None of my friends liked him from the beginning. Now, looking back I realize how important it is to listen to your friends. All they want is the best for you and when they tell you something, it’s something that you probably can’t see. They could see the type of guy he was. I knew what type of guy he was but at the time I was blinded by what I thought was love. You would think I would stop after he made out with multiple girls in my sorority right in front of my face. You would think I would stop when he then continued to try and kiss me immediately after this. You would think I would stop when one night, I was hanging out with his roommates after a night out (who were also my friends) and he came home with another girl on his arm. But I couldn’t stop.

The fighting started when he began taking Xanax every time he went out. He would black out and become a different person. Almost every night we went out together, he would argue with me over nothing. The Xanax made him cruel and verbally abusive. But of course being the person that I am, I wanted to help him and I didn’t want to stop trying. But, I started to see how selfish of a person he really was. I would cut him off for weeks at a time; start to feel okay about it, and then the calls and texts about how much he missed me would begin again. And once again I would fall right back in.

My friends would tell me over and over again that he didn’t truthfully care about me the way he said he did, but I would ignore it because at the time, I was doing what made me happy. And this guy knew how to make me believe every word he said. When we went home for school breaks, he would facetime me for hours. I thought this meant he cared. I learned later that most of those calls he was on Xanax. When we got back to school for the spring semester, we didn’t stop hanging out but the fighting got worse. I questioned him over and over again about why he wouldn’t commit to me. He would tell me he liked me and enjoyed being around me, so why couldn’t I be the only girl he saw?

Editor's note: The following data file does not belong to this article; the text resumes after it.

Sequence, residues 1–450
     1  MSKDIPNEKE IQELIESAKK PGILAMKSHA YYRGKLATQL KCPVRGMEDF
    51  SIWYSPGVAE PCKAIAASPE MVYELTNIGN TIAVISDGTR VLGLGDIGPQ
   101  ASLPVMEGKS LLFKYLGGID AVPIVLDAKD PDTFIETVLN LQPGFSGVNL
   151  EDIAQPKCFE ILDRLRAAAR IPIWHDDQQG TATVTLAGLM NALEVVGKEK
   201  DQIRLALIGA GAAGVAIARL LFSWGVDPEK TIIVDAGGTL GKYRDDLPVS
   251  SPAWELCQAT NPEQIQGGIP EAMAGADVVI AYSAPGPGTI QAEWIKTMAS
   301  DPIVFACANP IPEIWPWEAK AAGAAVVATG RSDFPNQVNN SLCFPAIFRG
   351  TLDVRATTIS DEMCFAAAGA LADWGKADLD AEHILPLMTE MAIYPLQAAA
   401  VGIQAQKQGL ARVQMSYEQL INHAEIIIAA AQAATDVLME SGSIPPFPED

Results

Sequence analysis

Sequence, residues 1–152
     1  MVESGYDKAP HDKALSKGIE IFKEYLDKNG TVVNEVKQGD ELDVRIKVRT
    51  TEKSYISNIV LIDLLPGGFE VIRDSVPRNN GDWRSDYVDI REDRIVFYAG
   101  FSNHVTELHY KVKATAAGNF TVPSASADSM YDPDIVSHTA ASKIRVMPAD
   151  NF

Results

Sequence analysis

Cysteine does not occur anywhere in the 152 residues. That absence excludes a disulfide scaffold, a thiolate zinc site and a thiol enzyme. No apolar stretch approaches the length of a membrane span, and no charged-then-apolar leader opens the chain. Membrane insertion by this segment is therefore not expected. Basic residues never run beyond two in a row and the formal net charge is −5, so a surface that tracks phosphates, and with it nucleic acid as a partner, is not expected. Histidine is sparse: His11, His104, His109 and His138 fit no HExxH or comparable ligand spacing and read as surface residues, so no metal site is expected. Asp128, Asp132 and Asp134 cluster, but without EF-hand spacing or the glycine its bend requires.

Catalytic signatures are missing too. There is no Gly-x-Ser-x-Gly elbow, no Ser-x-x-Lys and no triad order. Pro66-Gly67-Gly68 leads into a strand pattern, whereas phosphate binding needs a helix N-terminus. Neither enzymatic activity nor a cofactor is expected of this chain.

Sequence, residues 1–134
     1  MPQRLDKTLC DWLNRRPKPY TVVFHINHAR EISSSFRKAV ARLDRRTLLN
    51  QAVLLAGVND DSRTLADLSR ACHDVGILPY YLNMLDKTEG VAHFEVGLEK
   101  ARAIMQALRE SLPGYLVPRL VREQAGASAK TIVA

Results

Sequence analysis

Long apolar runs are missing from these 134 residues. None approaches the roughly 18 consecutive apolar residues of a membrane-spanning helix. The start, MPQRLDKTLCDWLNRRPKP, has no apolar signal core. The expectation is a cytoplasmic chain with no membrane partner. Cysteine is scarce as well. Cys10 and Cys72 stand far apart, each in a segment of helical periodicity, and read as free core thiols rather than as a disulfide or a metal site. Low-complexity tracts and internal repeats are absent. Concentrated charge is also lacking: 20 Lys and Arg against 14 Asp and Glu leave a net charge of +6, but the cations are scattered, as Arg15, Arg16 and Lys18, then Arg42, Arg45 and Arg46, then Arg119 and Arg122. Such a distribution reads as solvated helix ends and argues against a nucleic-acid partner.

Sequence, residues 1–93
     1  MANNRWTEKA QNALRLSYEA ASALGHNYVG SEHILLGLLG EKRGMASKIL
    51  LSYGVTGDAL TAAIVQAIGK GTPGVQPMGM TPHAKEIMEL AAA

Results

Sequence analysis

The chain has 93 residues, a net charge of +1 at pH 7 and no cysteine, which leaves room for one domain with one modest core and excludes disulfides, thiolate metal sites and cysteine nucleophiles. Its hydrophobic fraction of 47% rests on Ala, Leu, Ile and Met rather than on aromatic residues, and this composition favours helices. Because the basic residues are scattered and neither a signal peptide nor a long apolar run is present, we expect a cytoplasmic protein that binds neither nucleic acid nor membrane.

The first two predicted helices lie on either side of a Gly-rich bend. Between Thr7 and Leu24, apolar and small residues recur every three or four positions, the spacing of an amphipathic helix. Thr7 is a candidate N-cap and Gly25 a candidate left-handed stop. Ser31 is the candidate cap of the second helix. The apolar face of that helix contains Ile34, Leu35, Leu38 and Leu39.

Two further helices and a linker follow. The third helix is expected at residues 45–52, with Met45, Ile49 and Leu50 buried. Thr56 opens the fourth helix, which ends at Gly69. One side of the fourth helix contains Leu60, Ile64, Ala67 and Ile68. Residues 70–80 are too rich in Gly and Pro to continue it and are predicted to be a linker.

I thought that because he wasn’t treating the other girls like he treated me it was okay. I have since learned how wrong I was. All I wanted was to be able to see him and that alone ruined me. I let him do things that were not okay, I would forgive him for things that should not have been forgiven, and I even did things that I am not proud of. I had to learn it all on my own though. I couldn’t hear it from my friends because it wasn’t what I wanted to hear. So I continued letting him take advantage of my emotions. I continued going back to him every time, even though I knew it wasn’t right.

I was trapped.

 


By Hannah Sternberg

Hannah is a rising Senior at James Madison University majoring in the School of Media Arts and Design with a concentration of Broadcast Journalism. She works for her schools weekly newscast called Breeze TV as a reporter in training and this year will become a full time reporter. Her dream is to become a reporter but she also enjoys the entertainment production industry. One of her favorite things to do to relieve stress is dancing. 

For over 20 years, the Campus Clipper has been offering awesome student discounts in NYC,  from the East Side to Greenwich Village. Along with inspiration, the company offers students a special coupon booklet and the Official Student Guide, which encourage them to discover new places in the city and save money on food, clothing and services.  

At the Campus Clipper, not only do we help our interns learn new skills, make money, and create wonderful e-books, we give them a platform to teach others. Check our website for more student savings and watch our YouTube video showing off some of New York City’s finest students during the Welcome Week of 2015.

 

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Chapter 1 – Growing Up Lonely

June 28th, 2019

I was a weird kid growing up. I don’t mean sit in the corner and pick my nose weird, but I did spend a lot of time alone. Too much time alone.

Whenever kids asked me to play, they would reach for their Hot Wheels, dinosaurs, and dolls. Out of the three dolls were the absolute worst. I remember girls would dress them up, give them names, and even come up with background stories. Like, this is Amber, she’s a model for Limited Too, and she’s dating Chad. I always thought that was so stupid. Why am I pretending an inanimate object is real? It wasn’t until Toy Story that I started to second guess myself, but that’s beside the point. I preferred coloring or having DMCs, also known as deep, meaningful conversations. I was a child but oddly, I behaved like a grownup.